A lawful permanent resident, or a Green Card holder, is a foreign national who has been granted the privilege of permanently living and working in the United States of America.
If you are a lawful permanent resident in the United States, you can apply for a green card for your relatives (spouse and unmarried children) to also become lawful permanent residents.
There are two subcategories in this immigration preference known as "second preference". Preference 2A is for spouses or unmarried children under age 21 of permanent residents, and preference 2B is set aside for unmarried children of 21 years of age or older.
A person married to a permanent resident can apply for a green card under the second preference category. On the other hand, to qualify as a "child" in this category, the person must be the son or daughter of a permanent resident, who is unmarried. An adopted child qualifies as long as the adoption was finalized before the child's 16th birthday, the adoptive parents have legal custody of the child for two years (before or after the adoption), and the child resides with the adoptive parents for two years (before or after the adoption). A stepchild qualifies as long as the marriage had occurred before the stepchild's 18th birthday.
The annual visa allotment available for the entire second preference group is 114,200, plus any visas not used by the first preference. 77% of these annual visas go to the 2A subcategory, and the other 23% go to the 2B subcategory. Please see Visa Bulletin for the latest information on usage of the visa quota.
There are two scenarios for spouses and children of permanent residents to apply for immigration:
- The first scenario is that the alien spouse is already in the United States in a non-immigrant status. In this case, the permanent resident may only file an immigration petition (I-130) for the alien spouse. The alien spouse has to wait for the immigrant visa number to become current before he or she may apply to adjust to permanent resident status (Form I-485). During this waiting period, the alien spouse needs to independently maintain a valid non-immigrant status.
- The second scenario is that the alien spouse is outside the United States. In this case, the U.S. permanent resident needs to file an immigration petition and request that the U.S. Citizenship & Immigrations Services (USCIS) notify a U.S. Consulate in the country where the alien spouse lives. Once the immigration petition is approved and an immigrant visa is available, the National Visa Center of the U.S. State Department sends a form and information package, "Packet 3", to the U.S. citizen. After the necessary forms are completed, the alien spouse goes to the U.S. Consulate overseas to apply for an immigrant visa. On the day that he or she enters the United States on an immigrant visa, he or she becomes a U.S. permanent resident.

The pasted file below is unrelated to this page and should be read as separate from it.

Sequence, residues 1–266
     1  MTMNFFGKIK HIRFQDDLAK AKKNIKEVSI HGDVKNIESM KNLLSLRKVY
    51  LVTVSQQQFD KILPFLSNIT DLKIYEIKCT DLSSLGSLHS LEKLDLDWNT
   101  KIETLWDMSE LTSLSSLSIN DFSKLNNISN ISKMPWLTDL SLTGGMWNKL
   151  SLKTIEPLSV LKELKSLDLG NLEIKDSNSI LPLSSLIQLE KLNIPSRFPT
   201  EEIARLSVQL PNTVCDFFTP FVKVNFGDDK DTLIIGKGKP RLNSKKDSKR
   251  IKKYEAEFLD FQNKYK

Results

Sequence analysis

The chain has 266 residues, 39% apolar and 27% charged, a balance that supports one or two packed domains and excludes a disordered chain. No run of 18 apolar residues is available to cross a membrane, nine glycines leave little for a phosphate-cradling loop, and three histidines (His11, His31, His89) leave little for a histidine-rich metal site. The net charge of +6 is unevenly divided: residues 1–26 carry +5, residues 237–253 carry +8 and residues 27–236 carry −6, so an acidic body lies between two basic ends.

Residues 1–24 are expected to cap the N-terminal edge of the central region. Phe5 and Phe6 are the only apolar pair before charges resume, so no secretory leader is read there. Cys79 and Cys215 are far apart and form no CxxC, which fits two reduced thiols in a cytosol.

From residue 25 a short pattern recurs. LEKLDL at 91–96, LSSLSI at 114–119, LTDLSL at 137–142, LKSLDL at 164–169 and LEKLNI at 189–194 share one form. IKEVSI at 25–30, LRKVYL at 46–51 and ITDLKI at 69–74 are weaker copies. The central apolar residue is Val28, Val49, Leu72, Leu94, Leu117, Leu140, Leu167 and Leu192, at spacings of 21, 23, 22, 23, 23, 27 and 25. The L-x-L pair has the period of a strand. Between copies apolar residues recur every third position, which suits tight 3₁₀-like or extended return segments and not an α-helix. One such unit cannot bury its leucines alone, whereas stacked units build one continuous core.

Important things to keep in mind:
- Turning 21 years of age: If you are an unmarried child of a permanent resident, turning 21 years of age may delay the process of becoming a permanent resident or obtaining an immigrant visa. You will no longer qualify as an “Unmarried Child of a Lawful Permanent Resident” (F2A) and will be converted to the category of an “Unmarried Son or Daughter of a Lawful Permanent Resident” (F2B). This change in categories may result in a significant delay in your immigrant visa becoming available.
- The Child Status Protection Act (CSPA): In certain cases, the CSPA may allow you to retain the classification of “child” even if you have reached age 21. To determine if the CSPA applies to you and for more information, click here.
- Getting Married: If you are the unmarried son or daughter of a permanent resident, and you get married prior to becoming a permanent resident, you no longer qualify for permanent residence through your permanent resident family member. There is no visa category for a married child of a permanent resident. You must notify the USCIS of any change in marital status after the Form I-130 has been filed for you and prior to becoming a permanent resident or obtaining an immigrant visa. [INA 203a]
- Permanent Resident Relative Becomes a U.S. Citizen: If the permanent resident relative that petitioned for you becomes a U.S. citizen, your preference category would change and a visa may be available sooner; this is because you would be getting a green card through a U.S. citizen relative.
For more information regarding the spouses and children of permanent residents, please click on the following links: